13. 13. 12.MeasurementMeasurement differences between fixed and mobile phones are smallThose differences that have been detected point in the direction of lesssocial desirability bias with mobilesThis may be due to a) respondent having greater ability to move tosomewhere more private; b) removed risk of a family member ‘listeningin’ on another lineThere may be other measurement advantages, such as ability to obtainreactions promptly and on-location(Kennedy 2010, Lynn & Kaminska 2011)
  14. 14. 13.Summary Effect of Mobiles on AccuracyCoverage: Can be positive for mixed-mode surveysSampling: Either positive or neutralNon-response: Can be positive for mixed-mode surveys with appropriateprotocols; may be negative if used as a substitute modeMeasurement: Either positive or neutral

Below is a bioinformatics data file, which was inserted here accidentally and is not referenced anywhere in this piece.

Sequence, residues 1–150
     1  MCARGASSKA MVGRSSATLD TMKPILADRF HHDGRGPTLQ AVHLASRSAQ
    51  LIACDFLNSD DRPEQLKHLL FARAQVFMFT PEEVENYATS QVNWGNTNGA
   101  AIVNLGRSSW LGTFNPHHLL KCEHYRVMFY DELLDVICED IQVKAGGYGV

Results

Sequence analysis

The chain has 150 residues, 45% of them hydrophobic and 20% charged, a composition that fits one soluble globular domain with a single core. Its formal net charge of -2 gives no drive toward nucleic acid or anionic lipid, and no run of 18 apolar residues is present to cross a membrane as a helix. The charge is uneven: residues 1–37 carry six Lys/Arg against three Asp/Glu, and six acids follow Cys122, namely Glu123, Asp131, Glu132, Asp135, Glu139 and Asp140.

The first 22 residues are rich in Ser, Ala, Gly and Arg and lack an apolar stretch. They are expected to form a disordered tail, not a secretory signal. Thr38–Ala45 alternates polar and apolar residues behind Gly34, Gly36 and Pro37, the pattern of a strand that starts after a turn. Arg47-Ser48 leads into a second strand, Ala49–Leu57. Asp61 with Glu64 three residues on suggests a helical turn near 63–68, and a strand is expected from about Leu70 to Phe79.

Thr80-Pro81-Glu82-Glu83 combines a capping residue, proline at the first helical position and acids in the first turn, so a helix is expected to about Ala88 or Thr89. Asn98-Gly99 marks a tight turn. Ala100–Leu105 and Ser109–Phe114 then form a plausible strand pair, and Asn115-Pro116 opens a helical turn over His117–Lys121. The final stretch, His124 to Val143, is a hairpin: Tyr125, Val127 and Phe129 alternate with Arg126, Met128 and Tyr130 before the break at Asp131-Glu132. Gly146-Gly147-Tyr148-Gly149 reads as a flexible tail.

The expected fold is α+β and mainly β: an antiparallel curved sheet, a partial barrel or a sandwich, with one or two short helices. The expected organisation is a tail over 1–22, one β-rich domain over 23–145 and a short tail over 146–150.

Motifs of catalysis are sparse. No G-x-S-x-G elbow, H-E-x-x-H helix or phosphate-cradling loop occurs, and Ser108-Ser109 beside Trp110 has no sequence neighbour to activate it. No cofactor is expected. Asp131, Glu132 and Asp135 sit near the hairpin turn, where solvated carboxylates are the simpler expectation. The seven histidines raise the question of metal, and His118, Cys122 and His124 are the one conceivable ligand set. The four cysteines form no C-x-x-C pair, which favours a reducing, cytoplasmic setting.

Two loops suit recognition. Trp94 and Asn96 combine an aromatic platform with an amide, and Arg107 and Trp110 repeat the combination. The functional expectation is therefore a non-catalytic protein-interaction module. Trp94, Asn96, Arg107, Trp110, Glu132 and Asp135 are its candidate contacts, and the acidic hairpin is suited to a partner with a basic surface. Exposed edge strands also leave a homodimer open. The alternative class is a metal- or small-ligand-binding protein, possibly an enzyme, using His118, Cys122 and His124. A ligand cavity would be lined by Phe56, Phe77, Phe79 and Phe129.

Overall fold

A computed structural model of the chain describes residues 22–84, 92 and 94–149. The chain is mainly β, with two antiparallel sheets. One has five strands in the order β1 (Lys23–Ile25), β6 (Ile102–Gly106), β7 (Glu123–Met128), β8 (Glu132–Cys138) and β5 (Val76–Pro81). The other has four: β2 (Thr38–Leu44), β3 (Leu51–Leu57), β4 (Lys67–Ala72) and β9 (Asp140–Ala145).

15. 15. 14.A Good News StoryScientific survey literature often views mobile phones as a problem to beovercomeReality is that they bring many potential benefits, even in terms oftraditional statistical concepts of accuracy of estimatesAnd even for government and academic social surveysBut these benefits accrue only if mobiles are incorporated appropriatelyinto survey design and survey protocolsWe maybe need better dissemination of good survey practice for mobilephone interviews
  16. 16. Mobile Phone Surveys from a Total Survey Quality Perspective Peter Lynn Institute for Social and Economic Research University of Essex, UK plynn@essex.ac.uk www.iser.essex.ac.uk/people/plynn